‘Vertical forests’ to tackle China’s pollution problem (PHOTO, VIDEO)
The Nanjing Towers will be decorated with around 3,600 trees, shrubs and plants which will absorb 25 tons (22,680kg) of carbon dioxide each year, producing about 132lb (60kg) of fresh oxygen daily.
known for the #boscoverticale towers in milan, architect stefano boeri will be bringing his vertical forest #architecture to nanjing in china. the interchanging of green tanks and balconies will provide an estimate of 35 tons of CO2 absorption each year, while producing 60kg of oxygen per day. . . . read the article just published on #designboom! #greenarchitecture #stefanoboeri @stefano_boeri
The residential towers’ facade will be stylized with 23 species of hundreds of medium and tall-seized trees as well as 2,500 “cascading” plants and shrubs, covering an area of 65,000 sq ft (6,000 sq meters) in total.
Outdoor air pollution killed a total of 1,032,833 people in China 2012 or the equivalent of 76 per capita, according to a report released by the World Health Organization (WHO) last year.
Meanwhile, a 2015 study by Berkeley Earth found that pollution contributed to 4,000 deaths a day in China, with nine out of every 10 residents experiencing more than 120 hours of unhealthy air.
Scheduled to be completed in 2018, the towers are a light at the end of a smog-filled tunnel for the heavily polluted region which has been increasingly cracking down on pollutants and working towards creating a more eco-friending environment.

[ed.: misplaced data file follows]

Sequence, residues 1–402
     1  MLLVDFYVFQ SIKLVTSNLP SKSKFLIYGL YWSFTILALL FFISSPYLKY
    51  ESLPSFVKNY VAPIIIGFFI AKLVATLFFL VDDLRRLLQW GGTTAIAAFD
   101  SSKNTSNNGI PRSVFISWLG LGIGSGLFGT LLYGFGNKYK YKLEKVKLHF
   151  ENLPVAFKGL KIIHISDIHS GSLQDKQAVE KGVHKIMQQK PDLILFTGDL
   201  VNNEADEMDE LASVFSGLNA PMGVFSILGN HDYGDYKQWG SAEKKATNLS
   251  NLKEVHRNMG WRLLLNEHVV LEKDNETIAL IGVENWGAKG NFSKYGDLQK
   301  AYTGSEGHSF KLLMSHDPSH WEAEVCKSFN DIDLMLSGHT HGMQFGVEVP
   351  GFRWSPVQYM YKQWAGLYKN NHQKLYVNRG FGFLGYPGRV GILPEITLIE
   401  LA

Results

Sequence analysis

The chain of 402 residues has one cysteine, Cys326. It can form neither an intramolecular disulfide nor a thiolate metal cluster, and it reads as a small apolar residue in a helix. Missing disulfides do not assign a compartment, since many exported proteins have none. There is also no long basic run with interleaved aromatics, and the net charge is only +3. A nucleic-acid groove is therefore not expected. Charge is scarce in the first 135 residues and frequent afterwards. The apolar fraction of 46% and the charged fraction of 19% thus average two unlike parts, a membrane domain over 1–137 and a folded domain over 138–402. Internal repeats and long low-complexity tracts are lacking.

Similar towers are also in the works for other Chinese cities including Shijiazhuang, Liuzhou, Guizhou, Shanghai and Chongqing, according to the Italian architect entrusted with the task, Stefano Boeri.
The towers are the third prototype for Boeri’s firm, following the first of its kind in Milan and second in Lausanne, Switzerland.
“More than 80 percent of people living in urban areas that monitor air pollution are exposed to air quality levels that exceed the World Health Organization (WHO) limits,” the WHO said last year. Vertical forests offer metropolises across the world an ability to absorb toxic smog and promote urban biodiversity without sacrificing valuable real estate space.
Singapore’s ‘Gardens by the Bay’ nature park is currently leading the way with its 250-acre (101 hectare) futuristic man-made garden, featuring a ‘Supertree Grove’, flower dome and cloud forest conservatory.